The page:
Guide to waxing: avoid these pitfalls when waxing at home and get the best results
Some people like removing their body hair because they want to look like handsome, bald sphynx cats. Others prefer being furry, like all the other cats.
If you’re looking to get rid of all your fluff, but don’t know how to, one option is waxing – one of the most popular methods of hair removal, used on foofs, legs, eyebrows… wherever there’s hair, really.
Waxing is a form of epilation, because it removes hair by the root, like threading, tweezing or using an epilator, obviously. Waxing can keep you bald for as long as 4-6 weeks depending on your hair growth cycle.
It removes hair for longer than shaving or hair removal cream, and when your fur does make its comeback, it’s finer and softer.
Here, we’re going to give you some pointers on how to do it at home – though it’s worth noting that getting a professional to do it at a salon is a grand plan if you’re a waxing novice.
Hair follicles weaken the more you wax, so it’ll be more painful to begin with. If you’re at all concerned, go and see a trained waxing professional.
If you’re up for some DIY, read on…
Benefits of waxing
It lasts longer – because hair is removed from the root. Shaving only removes hair from above the skin, while hair removal creams dissolve hair just under the surface of the skin, so it’ll grow back much faster.
Hairs grow back finer – as opposed to the prickly stubble that turns up after you’ve shaved. You’ll also avoid shaving rashes.
No razor cuts – because no razor, obviously. Waxing is actually gentler on the skin, and won’t tear or cut it.
Drawbacks of waxing
Ingrown hairs are a common side effect. Basically, an ingrown hair is the hair growing back into the skin when the hair has broken above the skin’s surface and curled back around and into the skin.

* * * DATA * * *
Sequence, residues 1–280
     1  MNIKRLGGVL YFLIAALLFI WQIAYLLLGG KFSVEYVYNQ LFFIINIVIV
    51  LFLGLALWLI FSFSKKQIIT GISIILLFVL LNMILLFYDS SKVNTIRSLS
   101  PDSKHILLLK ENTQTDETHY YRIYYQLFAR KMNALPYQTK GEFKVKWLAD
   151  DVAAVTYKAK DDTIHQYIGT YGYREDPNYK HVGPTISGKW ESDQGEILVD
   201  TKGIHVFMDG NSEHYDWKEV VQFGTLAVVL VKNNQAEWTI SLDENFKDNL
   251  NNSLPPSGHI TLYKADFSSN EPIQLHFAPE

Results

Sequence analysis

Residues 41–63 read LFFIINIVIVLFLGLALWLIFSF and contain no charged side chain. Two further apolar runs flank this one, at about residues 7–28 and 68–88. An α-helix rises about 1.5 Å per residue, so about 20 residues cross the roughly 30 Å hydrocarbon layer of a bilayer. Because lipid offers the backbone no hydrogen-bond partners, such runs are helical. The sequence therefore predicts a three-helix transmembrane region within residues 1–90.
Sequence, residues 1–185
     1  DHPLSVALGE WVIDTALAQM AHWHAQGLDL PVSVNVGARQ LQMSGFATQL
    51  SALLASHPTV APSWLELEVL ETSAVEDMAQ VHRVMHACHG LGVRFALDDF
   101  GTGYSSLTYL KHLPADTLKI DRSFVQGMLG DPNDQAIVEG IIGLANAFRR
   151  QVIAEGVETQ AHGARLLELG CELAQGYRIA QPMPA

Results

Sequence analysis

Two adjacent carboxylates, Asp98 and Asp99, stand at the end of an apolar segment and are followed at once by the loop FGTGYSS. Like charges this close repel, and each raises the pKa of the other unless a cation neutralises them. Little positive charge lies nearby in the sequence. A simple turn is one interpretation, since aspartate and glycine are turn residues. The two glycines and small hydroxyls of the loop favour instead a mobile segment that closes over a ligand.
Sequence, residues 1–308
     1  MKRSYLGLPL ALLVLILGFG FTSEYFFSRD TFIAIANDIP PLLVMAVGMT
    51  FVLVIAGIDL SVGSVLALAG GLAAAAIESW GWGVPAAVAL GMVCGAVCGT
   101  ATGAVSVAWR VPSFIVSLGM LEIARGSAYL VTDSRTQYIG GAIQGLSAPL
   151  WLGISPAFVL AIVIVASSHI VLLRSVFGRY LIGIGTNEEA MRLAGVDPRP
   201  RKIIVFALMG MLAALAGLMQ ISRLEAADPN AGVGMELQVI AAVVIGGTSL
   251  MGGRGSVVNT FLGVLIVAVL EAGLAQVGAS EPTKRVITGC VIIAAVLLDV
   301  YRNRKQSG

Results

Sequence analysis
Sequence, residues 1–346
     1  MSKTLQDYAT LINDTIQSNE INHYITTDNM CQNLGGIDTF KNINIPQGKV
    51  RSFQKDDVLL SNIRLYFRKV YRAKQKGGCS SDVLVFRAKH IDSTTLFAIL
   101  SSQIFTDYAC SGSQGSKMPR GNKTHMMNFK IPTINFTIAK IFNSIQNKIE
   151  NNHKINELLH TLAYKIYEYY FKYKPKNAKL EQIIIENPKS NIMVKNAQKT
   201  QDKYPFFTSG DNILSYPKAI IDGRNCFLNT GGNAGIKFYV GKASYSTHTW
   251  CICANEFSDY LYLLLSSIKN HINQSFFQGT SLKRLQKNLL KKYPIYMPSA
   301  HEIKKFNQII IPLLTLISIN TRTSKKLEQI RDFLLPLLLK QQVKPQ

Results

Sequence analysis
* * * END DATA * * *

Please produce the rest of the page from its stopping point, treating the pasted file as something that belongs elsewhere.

You can do your best to prevent ingrown hairs by exfoliating before and after waxing, avoiding tight-fitting clothes after your wax and using a preventative lotion, like Bliss Ingrown Hairs Eliminating Pads or Tend Skin.
Redness or swelling is another side effect, and is perfectly normal, even for people who wax regularly. Again, try exfoliating and preventative lotions, and for fast relief, use a cold or ice compress after waxing to cool the skin.
How to prepare before waxing
Hair length – the ideal length is a quarter of an inch long. It has to be the right length before waxing. If it’s too short, the wax won’t be able to grip it, and if it’s too long, the hair might break off instead of pulling out of the follicle.
Exfoliate – to get rid of dead skin cells and help prevent ingrown hairs. Do this a week or two before waxing.
Cleanse – clean the area you’re waxing, making sure to remove makeup, oil, lotion etc. The cleaner the hair, the easier it is to grip. Use a mild soap in the shower, and make sure you’re completely dry before waxing.
What wax shall I use?
Soft wax has a consistency like honey, and is also called strip waxing. The wax is spread thinly onto the skin in the direction of hair growth, using a spatula or a roll-on applicator. Next, a cloth or paper strip is applied and removed against the direction of hair growth.
Soft or strip wax is better for legs, arms and eyebrows.
Hard wax is heated and applied to the skin and left to cool. It sticks to the hairs and not to the skin. Once it’s hardened, it’s peeled off using your hands.
Hard wax is better for people with sensitive skin, and works better when removing thick or stubborn hair – eg on the bikini line or armpits.
Don’t expose the waxed areas of your body to the sun until 24-48 hours after you’ve waxed. The sensitive skin will burn easily and you could end up with permanent pigmentation marks. Use an SPF after this period on waxed areas.
When waxing, don’t pull the wax off before it’s ready – let it sit for about 30 seconds.
Do hold your skin taut – otherwise there will be bruising – and pull hair out in the opposite direction to the way it grows.
Do use a cotton ball doused in olive oil to wipe away any excess wax when you’ve finished.